Become a Member

Get access to more than 30 brands, premium video, exclusive content, events, mapping, and more.

Already have an account? Sign In

Become a Member

Get access to more than 30 brands, premium video, exclusive content, events, mapping, and more.

Already have an account? Sign In

Brands

Road

Bahrain-Victorious seeks legal advice following French study on spinal cord-injury drug

Experts found the presence of tizanidine, which is not banned by WADA, in hair samples from three riders at the Tour de France. A team was not named, but Bahrain-Victorious has spoken out.

Get access to everything we publish when you join VeloNews or Outside+.

Bahrain-Victorious denied wrongdoing following the publication of a French study, which found evidence of a muscle relaxant used to treat people with multiple sclerosis and spinal cord injuries in the hair samples of three Tour de France cyclists.

The study — published Thursday in the Wiley Analytical Science Journal — did not specify who the samples were taken from, but that they were done with a police presence during a “three-week cyclist race” in France.

Also read: Spinal cord-injury drug detected in Tour de France riders

It reported that the muscle relaxant tizanidine — which is not banned by the World Anti-Doping Agency (WADA) — was detected in three of the seven samples taken.

Bahrain-Victorious was the subject of a police raid following stage 17 of the Tour de France, with the authorities remaining at the team’s hotel in Pau until about 2 a.m. The raid was undertaken by France’s public health police division, also known as OCLAESP.

The team did not confirm or deny if the hair samples belonged to any of its riders, but said it had not been notified about the finding of any substances — tizanidine or otherwise — in any of its riders.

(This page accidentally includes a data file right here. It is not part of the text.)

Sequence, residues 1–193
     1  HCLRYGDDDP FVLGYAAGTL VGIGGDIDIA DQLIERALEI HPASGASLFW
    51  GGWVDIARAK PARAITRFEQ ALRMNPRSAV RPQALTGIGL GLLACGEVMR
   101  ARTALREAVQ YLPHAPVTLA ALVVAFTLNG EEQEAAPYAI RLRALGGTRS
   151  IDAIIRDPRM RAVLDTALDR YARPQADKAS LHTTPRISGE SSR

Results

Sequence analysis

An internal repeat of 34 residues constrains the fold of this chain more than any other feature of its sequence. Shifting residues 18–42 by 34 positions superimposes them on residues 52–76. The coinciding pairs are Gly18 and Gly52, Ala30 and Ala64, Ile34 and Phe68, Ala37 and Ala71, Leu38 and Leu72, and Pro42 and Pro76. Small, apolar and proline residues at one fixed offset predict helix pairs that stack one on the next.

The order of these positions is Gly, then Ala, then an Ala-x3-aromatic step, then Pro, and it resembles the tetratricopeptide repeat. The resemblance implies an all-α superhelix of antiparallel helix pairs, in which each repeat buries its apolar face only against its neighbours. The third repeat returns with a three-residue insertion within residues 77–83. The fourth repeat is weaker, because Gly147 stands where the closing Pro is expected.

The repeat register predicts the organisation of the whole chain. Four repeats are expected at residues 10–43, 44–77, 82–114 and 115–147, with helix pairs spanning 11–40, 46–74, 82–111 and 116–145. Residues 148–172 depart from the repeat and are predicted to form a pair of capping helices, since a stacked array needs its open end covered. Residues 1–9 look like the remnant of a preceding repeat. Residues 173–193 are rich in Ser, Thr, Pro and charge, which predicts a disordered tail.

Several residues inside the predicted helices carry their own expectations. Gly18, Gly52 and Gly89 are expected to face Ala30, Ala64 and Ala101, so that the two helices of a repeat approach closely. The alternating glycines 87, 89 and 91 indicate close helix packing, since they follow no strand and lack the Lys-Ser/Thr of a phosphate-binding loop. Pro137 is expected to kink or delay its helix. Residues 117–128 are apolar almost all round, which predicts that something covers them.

“Team Bahrain Victorious and any of its riders have not been officially or unofficially notified about any findings related to tizanidine or other substances,” a team statement said Friday.

“The team would like to stress that the authors of the scientific article to which all allegations refer have unambiguously pointed out that tizanidine is not a prohibited substance in sport.”

Doping is illegal in France and can carry a large fine or even a prison sentence. French authorities opened a preliminary investigation into the July raid, but no official charges have yet been made.

As tizanidine is not a banned substance under WADA rules, it does not fall under French doping laws.

In its statement, Bahrain-Victorious said the publication of the study while the police investigation is ongoing has “impacted” its reputation, and it is now seeking legal advice on the matter.

“The team is consulting legal advice about the nature in which this information was published during an ongoing investigation without the team being notified which has impacted the team’s reputation. At this moment, the team has no further comments,” the statement said.